Treating Depression: How to Offset Pill Side Effects
Published by Contra Costa Times
Posted on Sat, Jan. 24, 2004
By Dr. Barry Miller
DAWN BEGAN missing work. When she did go, it took all of her strength just to get out of bed in the morning. And some days, she didn't get up at all.
Her depression was back. She became withdrawn, tired, distracted and irritable. She had stopped taking her Prozac six weeks before because it had caused her to lose interest in sex. When taking the medicine, she slept better and her mood improved. But her sex drive seemed to disappear, and nothing she or her husband did seemed to help. She was too embarrassed to tell her doctor, so she stopped taking the medicine without telling him.
Many people feel torn by this dilemma: suffer from depression and its devastating effects on their lives, or improve their depression with treatment but forgo sexual satisfaction.
Depression can be so harmful and so devastating, however, that side effects, including the sexual effects of these medicines, should not be a reason to stop them. Depression is more than just feeling "down". It is a clinical illness that interferes with a person's daily life.
An estimated 20 million to 30 million Americans suffer from depression.
The most common treatments are medicines such as Prozac (fluoxetine), Paxil, Zoloft and Celexa. About 30 percent to 60 percent of patients report sexual side effects from these antidepressants, known as selective serotonin reuptake inhibitors.
As a psychiatrist, I've seen SSRIs and other new medications dramatically improve the treatment of depression over the past 10 years. But I've also seen patients give up their depression medication because it decreases sexual interest and/or delays or prevents orgasm. Many people suffering from depression are reluctant to discuss intimate sexual details with their doctor.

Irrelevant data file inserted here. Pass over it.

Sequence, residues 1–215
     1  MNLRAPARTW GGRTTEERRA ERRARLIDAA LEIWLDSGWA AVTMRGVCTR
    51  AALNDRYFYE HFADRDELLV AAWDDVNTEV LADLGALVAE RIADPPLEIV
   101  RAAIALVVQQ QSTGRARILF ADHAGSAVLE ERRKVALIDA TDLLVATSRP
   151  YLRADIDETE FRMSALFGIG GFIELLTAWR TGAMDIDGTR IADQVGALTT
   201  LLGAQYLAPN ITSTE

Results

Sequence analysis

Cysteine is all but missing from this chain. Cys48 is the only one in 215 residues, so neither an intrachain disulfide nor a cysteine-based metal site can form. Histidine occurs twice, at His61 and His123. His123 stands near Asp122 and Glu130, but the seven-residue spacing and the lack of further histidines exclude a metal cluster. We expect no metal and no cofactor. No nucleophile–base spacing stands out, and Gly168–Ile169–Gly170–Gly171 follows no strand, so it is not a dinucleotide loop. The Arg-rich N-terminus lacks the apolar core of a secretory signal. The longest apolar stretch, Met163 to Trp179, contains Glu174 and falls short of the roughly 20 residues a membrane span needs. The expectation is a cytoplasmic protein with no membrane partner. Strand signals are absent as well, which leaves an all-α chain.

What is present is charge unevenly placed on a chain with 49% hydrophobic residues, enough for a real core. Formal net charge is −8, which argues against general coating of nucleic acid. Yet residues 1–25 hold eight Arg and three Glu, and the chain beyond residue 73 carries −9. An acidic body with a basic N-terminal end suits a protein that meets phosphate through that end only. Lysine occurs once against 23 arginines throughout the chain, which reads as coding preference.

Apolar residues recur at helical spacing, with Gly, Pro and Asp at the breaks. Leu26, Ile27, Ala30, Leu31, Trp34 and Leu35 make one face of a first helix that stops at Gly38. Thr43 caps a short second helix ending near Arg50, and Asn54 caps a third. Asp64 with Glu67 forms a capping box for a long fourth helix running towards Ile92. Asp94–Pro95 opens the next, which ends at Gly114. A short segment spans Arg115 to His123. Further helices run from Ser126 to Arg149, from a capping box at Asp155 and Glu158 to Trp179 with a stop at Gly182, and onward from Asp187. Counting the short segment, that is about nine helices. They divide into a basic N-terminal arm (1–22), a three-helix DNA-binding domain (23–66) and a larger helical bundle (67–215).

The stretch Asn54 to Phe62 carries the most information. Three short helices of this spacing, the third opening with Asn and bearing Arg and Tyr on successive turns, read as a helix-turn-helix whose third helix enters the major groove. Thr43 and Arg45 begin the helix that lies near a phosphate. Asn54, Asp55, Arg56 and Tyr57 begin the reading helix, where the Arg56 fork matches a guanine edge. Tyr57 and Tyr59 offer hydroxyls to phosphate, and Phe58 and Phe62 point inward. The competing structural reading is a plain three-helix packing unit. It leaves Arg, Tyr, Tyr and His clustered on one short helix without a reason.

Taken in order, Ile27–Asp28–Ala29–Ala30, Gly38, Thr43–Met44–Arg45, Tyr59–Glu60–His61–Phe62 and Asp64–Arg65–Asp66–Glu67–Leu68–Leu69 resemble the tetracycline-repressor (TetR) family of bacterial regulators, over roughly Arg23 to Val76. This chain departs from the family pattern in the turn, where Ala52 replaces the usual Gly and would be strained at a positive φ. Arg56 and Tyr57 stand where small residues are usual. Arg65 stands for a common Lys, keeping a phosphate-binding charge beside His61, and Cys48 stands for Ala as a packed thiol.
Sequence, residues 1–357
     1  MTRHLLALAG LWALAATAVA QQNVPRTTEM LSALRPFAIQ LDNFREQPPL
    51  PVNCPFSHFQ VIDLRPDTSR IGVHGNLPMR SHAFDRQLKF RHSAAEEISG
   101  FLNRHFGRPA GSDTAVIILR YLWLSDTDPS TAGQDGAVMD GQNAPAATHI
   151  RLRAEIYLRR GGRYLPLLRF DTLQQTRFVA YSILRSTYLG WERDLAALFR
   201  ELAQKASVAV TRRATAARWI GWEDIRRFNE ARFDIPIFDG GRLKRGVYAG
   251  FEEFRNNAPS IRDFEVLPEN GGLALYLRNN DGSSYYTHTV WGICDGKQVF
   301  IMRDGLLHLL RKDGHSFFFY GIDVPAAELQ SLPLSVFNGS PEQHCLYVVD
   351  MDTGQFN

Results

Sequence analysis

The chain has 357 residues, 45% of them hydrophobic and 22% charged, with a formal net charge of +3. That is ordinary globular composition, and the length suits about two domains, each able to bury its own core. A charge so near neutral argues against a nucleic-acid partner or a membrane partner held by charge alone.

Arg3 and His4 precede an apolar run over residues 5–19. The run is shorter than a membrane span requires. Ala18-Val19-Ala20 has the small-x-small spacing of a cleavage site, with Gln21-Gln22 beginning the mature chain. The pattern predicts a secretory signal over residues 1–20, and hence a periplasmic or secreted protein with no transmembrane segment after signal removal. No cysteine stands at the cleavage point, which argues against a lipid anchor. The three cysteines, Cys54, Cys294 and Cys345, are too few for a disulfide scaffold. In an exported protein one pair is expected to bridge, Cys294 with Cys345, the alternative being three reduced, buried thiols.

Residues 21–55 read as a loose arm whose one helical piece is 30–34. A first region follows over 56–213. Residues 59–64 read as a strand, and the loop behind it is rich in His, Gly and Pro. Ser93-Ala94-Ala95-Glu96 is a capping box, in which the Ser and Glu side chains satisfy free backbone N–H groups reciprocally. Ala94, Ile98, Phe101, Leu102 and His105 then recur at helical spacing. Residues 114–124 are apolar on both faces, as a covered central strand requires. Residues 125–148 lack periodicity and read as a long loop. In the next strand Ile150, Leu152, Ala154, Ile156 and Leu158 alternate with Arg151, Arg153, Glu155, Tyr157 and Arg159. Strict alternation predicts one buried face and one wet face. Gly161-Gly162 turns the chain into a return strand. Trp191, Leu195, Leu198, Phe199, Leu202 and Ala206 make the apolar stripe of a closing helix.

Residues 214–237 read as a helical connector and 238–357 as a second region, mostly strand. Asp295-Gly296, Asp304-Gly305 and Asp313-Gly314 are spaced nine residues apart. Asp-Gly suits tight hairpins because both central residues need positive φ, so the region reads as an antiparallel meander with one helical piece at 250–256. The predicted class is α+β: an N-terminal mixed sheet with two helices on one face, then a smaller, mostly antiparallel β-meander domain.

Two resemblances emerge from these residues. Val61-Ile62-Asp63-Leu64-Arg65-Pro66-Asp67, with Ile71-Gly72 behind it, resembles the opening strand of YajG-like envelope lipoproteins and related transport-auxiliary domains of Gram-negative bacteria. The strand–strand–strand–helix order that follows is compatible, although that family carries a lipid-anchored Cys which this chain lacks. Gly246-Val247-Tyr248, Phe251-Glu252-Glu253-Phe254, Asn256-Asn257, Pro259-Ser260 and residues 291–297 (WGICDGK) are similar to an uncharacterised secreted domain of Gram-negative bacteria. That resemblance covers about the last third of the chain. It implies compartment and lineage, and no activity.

Fortunately, there are several ways to deal with this not-so-side effect.
A patient can abstain from taking his or her SSRI pill for a day or two, or a weekend, to temporarily restore sex drive. There is no risk of quickly plunging back into depression because the antidepressant effect of these medicines keeps working even if interrupted briefly, while the sexual side effects can diminish rapidly. This is unlike many other drugs such as antibiotics or pills for blood pressure, which generally lose their effect rapidly if stopped.
Viagra and Levitra also can improve sexual function for people taking SSRIs. Often the increased sexual stimulation of these drugs gives a person more confidence and therefore increases sexual desire.
There are also several antidepressant medications that do not have the same common side effects of SSRIs. These include Wellbutrin, Serzone and Remeron. The addition of one of these antidepressants can often counter the sexual side effects of the SSRI. Sometimes, the non-SSRI antidepressant medicine can be substituted, if the SSRI isn't effective for improving depression.
I haven't seen evidence that herbal remedies are effective either for depression or for the treatment of the sexual effects of SSRIs.
The important thing is to communicate unpleasant effects of medication with your medical provider to see if there are treatment alternatives. Sexual side effects are rarely a necessary evil that you have to accept as part of the treatment of your depression.
Dr. Miller is a psychiatrist and neurologist who practices child and adult psychiatry at the Martinez Health Center. Healthy Outlook is written by the professional staff of Contra Costa Health Services, the county health department. Send questions to series coordinator Dr. David Pepper at email@example.com. For more health information, go to www.cchealth.org.